We've put a lot of rounds down range from the Taurus GX4 and GX4 TORO. And we've had the opportunity to let a lot of other people shoot them, too, and get their thoughts. So, this week, let's take a deep dive into the Taurus GX4 and GX4 TORO!
There may be some more specific, detail-oriented things we've left out, but based on all the shooting we've done, we're going to let you know what we think about it and how it performs.
The GX4 and the GX4 TORO are both striker-fired, single action, micro-compact 9mm's. The only difference between the two is that the TORO, which stands for Taurus Optics Ready Option, comes with an optics-ready slide.
Taurus advertises the GX4 as versatile and reliable.
We've had at least 10 different people shoot these guns with at least five different kinds of ammo. After several hundred rounds through them, we've only had a couple of issues. The first was the shooter's fault, and the second was because of one particular ammo. But beyond that, we haven't had any miss-feeds or jamming issues. So we can say for us, both of these have been very reliable.
It's definitely compact, thin, and weighs in at just over 18 ounces unloaded. With the extended magazine, you can put 13 rounds in there, making it a higher-capacity carry gun.
We've carried it in a 1791 Gunleather, inside the waistband holster, and it has been super comfortable. Adrian carried it around several people one day and nobody even knew she had it on her. Even sitting down and getting back up she said it never felt uncomfortable.
Another great part of this gun, specifically the TORO version, is the optics-ready function.
Every red dot out there won't fit, but it is compatible with Shield RMSc platform red dots. Taurus recommends the Holosun HS507K. We used a Sig Romeo Zero that was really easy to mount, fit great, and was definitely accurate.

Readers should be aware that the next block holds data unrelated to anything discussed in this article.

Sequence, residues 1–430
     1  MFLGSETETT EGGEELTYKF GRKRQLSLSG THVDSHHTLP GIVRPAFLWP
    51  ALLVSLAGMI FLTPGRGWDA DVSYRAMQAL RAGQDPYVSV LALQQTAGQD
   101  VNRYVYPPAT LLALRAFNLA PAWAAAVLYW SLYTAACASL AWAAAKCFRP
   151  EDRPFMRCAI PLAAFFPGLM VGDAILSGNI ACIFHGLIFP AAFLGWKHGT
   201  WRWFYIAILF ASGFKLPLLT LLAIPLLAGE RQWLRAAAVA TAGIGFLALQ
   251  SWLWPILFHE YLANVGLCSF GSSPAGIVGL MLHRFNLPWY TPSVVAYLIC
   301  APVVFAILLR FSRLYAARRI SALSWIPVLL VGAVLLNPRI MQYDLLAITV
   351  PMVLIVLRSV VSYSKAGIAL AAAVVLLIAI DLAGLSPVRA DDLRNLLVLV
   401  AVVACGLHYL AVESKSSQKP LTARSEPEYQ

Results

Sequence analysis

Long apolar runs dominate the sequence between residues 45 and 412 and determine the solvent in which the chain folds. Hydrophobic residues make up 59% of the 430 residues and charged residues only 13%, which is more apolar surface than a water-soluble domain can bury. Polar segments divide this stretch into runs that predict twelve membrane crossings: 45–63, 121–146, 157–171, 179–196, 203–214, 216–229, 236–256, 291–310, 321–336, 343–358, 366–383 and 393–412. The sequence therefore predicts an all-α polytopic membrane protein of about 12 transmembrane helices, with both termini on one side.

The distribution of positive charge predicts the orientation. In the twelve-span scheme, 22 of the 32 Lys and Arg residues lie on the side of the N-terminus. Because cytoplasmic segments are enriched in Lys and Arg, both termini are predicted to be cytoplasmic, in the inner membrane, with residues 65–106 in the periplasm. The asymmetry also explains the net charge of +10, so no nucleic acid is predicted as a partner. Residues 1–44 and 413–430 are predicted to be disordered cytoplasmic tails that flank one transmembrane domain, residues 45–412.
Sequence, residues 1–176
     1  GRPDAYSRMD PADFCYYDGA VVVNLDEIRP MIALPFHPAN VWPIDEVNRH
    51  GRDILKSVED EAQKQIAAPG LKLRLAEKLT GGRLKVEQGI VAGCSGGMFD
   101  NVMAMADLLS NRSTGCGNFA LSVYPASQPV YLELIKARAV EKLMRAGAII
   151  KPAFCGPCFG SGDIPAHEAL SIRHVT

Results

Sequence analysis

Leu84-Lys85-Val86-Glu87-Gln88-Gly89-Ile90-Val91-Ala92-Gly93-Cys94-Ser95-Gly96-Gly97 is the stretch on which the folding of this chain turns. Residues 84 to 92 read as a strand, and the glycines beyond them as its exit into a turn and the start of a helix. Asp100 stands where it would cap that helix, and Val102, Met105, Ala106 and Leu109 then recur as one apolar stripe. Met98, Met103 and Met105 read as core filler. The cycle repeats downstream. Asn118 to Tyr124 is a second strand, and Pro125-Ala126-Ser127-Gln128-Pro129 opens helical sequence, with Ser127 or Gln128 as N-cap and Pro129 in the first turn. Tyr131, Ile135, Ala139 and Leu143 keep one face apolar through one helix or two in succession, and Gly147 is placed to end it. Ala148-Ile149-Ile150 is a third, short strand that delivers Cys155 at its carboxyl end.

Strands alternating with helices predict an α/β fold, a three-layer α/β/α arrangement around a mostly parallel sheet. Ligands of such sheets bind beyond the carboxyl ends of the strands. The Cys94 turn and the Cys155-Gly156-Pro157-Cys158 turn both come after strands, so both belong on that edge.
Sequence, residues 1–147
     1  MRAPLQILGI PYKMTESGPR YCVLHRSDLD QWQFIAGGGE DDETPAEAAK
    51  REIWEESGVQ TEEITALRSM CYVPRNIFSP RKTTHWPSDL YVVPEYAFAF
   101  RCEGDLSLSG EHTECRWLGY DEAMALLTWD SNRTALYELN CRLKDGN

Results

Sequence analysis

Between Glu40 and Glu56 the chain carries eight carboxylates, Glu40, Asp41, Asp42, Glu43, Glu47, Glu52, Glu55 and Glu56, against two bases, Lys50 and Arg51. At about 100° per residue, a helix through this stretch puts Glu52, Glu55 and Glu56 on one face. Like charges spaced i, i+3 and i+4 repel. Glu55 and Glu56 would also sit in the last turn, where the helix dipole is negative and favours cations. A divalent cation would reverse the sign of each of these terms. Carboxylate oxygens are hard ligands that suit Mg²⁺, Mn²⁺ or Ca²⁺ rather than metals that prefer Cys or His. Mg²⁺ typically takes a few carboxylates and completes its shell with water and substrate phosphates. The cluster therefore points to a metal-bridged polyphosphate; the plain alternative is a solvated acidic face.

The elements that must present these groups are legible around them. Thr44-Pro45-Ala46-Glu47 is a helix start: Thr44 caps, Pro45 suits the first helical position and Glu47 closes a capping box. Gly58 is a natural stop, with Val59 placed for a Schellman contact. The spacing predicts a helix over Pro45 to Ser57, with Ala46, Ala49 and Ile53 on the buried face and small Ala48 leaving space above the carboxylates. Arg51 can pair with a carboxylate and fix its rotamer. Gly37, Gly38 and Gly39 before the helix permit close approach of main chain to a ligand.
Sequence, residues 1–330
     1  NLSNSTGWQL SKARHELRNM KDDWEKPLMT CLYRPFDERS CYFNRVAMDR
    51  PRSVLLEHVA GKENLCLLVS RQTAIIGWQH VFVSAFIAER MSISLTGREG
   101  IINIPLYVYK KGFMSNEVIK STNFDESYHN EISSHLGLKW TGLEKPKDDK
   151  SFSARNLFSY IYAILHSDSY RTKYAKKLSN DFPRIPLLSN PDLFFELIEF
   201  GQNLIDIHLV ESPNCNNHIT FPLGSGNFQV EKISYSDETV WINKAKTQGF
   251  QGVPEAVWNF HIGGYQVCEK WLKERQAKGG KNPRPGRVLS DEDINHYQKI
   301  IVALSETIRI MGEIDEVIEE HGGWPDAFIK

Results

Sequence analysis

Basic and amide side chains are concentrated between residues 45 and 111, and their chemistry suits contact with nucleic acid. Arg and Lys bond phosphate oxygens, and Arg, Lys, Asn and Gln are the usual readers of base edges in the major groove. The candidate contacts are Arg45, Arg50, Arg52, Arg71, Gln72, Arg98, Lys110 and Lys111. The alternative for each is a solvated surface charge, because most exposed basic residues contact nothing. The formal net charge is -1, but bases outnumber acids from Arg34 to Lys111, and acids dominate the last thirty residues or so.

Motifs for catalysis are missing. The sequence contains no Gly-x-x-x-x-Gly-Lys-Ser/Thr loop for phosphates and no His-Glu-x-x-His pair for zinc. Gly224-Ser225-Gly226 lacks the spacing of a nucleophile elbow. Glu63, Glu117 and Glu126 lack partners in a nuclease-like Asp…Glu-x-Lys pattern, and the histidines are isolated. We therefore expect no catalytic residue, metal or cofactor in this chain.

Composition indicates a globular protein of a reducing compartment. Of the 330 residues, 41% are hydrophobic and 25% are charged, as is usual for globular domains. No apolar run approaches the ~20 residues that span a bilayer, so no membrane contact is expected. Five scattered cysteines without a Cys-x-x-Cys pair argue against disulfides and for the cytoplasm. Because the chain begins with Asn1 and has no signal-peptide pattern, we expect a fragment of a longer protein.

Both the regular slide version of the GX4 and the TORO version were accurate for us from the beginning, but putting that red dot on there made it a lot easier to aim, and helped us with accuracy. According to Taurus, the slide is also meant to keep that low profile, so that even with the red dot this could easily be your everyday carry gun.
Now as far as the sights that come on the guns, the rear sights are plain black but there's a white dot in the front.
I think we would like it better if it was a hi-vis sight or night sights like on some of the other guns we've reviewed.
Keep in mind, though, these sights are interchangeable, so it wouldn't be difficult to get any number of aftermarket hi-vis sights and switch them out.
You're going to notice on all of our handgun review videos and articles that fit is an extremely subjective thing. Adrian does like the way the GX4 fits her hand. The curved back to the grip, seems to fit the shape of her hand better and feels more comfortable than flatter grips.
Taurus also gives you options on the backstraps to make it fit you even better.
On the other hand (literally), the GX4 seems almost too small for my hand. I am able to control the gun, but because the grip is so short, I don't feel like I ever have a really good grip on it.
We both would like it better if the grip was at least a quarter of an inch longer. The extra length of an extended magazine definitely helps, but, I also pinched my finger a few times when slamming the magazine in place.
Some people thought it was too small, some too big, and then a couple of people also felt the same thing that I did with my pinky.
Reaching the trigger, mag release, and slide release have not been a problem for either of us. Even with Adrian's smaller hands, she hasn't had any difficulty reaching them.
If you're considering a Taurus GX4, definitely go to a range and shoot it if you can. At a minimum, go hold one before you decide to buy one.
The GX4 MSRP is right at $393. The TORO is $469. Now, I shopped around a little bit, and I found them anywhere from like $330 to $375. So for the quality and the accuracy that you're going to get, you're going to have a really hard time finding a similar handgun within that price range.
If you're looking for a compact, easy to conceal 9mm that's going to give you reliability and durability at a really great cost, then you may want to check out the Taurus GX4. And if you want to put a red dot on it, make sure you check out the GX4 TORO.
If you own or have shot a Taurus GX4 or GX4 TORO, please email us or comment on the video and let us know your experience. If you have another EDC and consider it to be the best on the market, please comment or email us so we can check it out!
Robbie has enjoyed the outdoors since he can remember. His earliest memories include hours upon hours of squirrel hunting and learning how to enjoy all aspects of hunting season in God's wonderful outdoors. Now he is always working hard and testing gear in the field to give you the best review and most thorough information he possibly can.
As you read this article, please remember that this review is from your average, everyday shooter's perspective. We do not claim to be experts by any stretch.
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